In a statement made by the WMO, it was stated that an “unprecedented increase” in sea surface temperatures was observed in the north of the Atlantic Ocean.
It was stated that sea surface temperatures reached record levels in May, June and July, and the temperature records experienced in recent months will increase with the effect of El Nino weather conditions.
Omar Baddour, Head of WMO Climate Monitoring, said the first week of July could be considered “the hottest week ever recorded”.
Noting that in the north of the Atlantic Ocean, daily temperatures rose significantly compared to normal in June, Baddour said that the sea ice level in Antarctica saw its lowest level last month.
Baddour noted that heavy rains, which will cause loss of life and migration, may also indicate extreme weather and climate events.
Stating that El Nino conditions predict the hottest year to take place after 2023, Baddour said that it is possible to break a record in temperatures in 2024 in line with expectations.
“The melting of sea ice we’ve seen around Antarctica is truly unprecedented,” said Michael Sparrow, Head of WMO’s World Climate Research Program. made its assessment.
Stating that ice melts are generally low in the Antarctic region and that large decreases are normally seen in the glaciers in the North Pole, Sparrow emphasized that they are not used to seeing such a decrease in Antarctica.
Sparrow cautioned that the “heat sea wave” will also affect the distribution of fish and ocean ecosystems, noting that this means “not only the surface temperature of the water, but the entire ocean warms up and absorbs energy that will be stored there for hundreds of years.”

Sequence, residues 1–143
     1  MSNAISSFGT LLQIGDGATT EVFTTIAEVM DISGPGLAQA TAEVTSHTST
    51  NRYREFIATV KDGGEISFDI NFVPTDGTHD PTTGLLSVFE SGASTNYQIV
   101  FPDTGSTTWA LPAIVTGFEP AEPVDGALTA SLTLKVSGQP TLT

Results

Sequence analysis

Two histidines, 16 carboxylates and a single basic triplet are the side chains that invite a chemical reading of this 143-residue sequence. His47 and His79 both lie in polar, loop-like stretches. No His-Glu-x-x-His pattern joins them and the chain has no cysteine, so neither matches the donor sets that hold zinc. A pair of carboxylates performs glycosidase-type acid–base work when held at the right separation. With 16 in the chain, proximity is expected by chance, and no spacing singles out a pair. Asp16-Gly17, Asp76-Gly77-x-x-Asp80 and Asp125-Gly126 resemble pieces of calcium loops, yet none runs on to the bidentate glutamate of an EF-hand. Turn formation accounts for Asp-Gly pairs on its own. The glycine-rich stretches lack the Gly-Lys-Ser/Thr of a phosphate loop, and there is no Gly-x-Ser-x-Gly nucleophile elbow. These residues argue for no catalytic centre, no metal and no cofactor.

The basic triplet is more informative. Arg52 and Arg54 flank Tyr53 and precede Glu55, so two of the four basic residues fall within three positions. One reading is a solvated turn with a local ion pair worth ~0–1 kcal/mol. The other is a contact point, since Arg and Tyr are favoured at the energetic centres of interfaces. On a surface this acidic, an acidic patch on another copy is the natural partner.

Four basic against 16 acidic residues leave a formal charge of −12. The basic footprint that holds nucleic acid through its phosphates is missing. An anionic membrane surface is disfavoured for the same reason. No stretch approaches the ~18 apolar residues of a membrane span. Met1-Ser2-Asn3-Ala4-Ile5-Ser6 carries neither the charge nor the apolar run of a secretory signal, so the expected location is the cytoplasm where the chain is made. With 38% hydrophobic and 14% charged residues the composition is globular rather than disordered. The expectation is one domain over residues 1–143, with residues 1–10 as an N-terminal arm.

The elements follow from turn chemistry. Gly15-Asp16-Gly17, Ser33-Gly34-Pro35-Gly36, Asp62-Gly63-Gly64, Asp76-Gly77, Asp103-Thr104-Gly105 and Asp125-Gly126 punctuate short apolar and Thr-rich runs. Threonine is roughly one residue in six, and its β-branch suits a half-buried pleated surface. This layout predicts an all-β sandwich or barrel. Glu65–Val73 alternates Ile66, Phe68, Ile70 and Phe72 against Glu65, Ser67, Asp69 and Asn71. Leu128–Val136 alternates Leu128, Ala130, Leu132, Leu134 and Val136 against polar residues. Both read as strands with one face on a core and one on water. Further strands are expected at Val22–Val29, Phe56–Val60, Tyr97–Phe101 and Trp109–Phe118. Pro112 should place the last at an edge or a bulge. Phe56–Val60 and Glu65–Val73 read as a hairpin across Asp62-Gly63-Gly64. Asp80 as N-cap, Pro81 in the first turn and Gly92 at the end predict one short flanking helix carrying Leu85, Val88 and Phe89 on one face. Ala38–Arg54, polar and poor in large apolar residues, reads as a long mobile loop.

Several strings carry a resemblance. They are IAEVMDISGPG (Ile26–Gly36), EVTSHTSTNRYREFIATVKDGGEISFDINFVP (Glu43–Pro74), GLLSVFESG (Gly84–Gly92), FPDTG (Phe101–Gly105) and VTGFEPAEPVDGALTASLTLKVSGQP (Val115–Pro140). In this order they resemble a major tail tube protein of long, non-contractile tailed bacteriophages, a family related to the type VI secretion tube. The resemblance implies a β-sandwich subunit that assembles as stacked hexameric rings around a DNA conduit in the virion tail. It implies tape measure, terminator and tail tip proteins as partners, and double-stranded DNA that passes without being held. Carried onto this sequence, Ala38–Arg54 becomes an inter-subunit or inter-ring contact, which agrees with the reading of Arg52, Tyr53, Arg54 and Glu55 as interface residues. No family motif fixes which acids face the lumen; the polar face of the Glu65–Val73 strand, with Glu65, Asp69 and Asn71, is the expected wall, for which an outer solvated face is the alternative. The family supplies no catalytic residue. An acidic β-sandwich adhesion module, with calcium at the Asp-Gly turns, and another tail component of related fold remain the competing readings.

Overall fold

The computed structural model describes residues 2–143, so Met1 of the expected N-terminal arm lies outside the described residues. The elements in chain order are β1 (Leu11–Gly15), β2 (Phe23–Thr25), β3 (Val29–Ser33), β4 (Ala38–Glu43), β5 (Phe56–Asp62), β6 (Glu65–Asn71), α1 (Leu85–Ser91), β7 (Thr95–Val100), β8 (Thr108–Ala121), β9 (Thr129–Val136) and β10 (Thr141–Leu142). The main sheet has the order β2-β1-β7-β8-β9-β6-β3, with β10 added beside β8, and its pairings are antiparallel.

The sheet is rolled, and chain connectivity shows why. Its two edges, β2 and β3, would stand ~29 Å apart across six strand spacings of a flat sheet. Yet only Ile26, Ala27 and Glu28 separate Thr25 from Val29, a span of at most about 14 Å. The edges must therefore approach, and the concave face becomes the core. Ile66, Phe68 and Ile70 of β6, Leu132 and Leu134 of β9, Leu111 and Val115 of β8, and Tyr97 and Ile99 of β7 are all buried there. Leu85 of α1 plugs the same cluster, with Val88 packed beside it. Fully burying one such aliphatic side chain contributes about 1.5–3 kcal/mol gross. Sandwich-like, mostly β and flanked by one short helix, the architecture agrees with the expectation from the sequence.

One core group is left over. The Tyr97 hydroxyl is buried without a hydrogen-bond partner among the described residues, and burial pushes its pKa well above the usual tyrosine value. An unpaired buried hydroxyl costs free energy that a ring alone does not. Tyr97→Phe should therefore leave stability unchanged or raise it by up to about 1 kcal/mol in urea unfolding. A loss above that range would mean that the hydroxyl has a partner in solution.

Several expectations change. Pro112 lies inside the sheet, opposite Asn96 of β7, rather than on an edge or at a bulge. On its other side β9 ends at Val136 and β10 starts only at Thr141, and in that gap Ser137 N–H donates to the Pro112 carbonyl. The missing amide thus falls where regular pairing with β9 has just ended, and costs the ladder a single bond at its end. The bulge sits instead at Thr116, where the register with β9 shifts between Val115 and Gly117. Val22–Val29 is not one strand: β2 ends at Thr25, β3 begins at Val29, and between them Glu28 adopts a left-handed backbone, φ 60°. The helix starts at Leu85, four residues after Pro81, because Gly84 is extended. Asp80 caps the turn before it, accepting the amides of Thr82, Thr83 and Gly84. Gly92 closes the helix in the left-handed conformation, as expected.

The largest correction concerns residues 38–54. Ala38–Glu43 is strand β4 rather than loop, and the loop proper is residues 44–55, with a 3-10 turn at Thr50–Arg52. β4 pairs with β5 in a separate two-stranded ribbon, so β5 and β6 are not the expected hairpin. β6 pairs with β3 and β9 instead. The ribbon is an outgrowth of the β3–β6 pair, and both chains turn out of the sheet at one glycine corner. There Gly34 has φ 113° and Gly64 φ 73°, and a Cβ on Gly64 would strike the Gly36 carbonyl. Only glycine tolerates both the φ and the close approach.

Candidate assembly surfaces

Stating that higher temperatures were reached in the year of El Niño weather conditions, as the heat moved from the oceans to the atmosphere, Sparrow said, “Actually, we are at the beginning of this process. El Nino did not have as big an impact as it would later in the year. “We’re seeing these high temperatures in the North Atlantic, though.” used the phrases.
Antarctic sea ice reached its lowest level, 17 percent behind average, breaking the previous June record by a significant margin.
El Nino effect
In the statement made by the WMO, it was announced that on July 4, El Nino conditions had begun.
In the statement, which was reported that El Nino will accelerate the global temperature increase, it was stated that weather conditions in different parts of the world will be affected, and early warning systems are critical for life safety.
The temperature record was broken 3 times in a row.
While the average temperatures in the world broke records 3 times in a row in the same week, July 6, with the global average temperature of 17.23 degrees, was recorded as the “hottest day on record”.
With the global average temperature reaching 17.23 degrees, July 6 was recorded as the “hottest day on record”, while the average temperature exceeded the highest average of 17.18 degrees measured on July 4 and 5.
According to the averaged data pool, it was recorded that the average weekly air temperature in Antarctica was 4.5 degrees above normal.
Previously, the highest average temperature was measured as 16.9 degrees in 2016.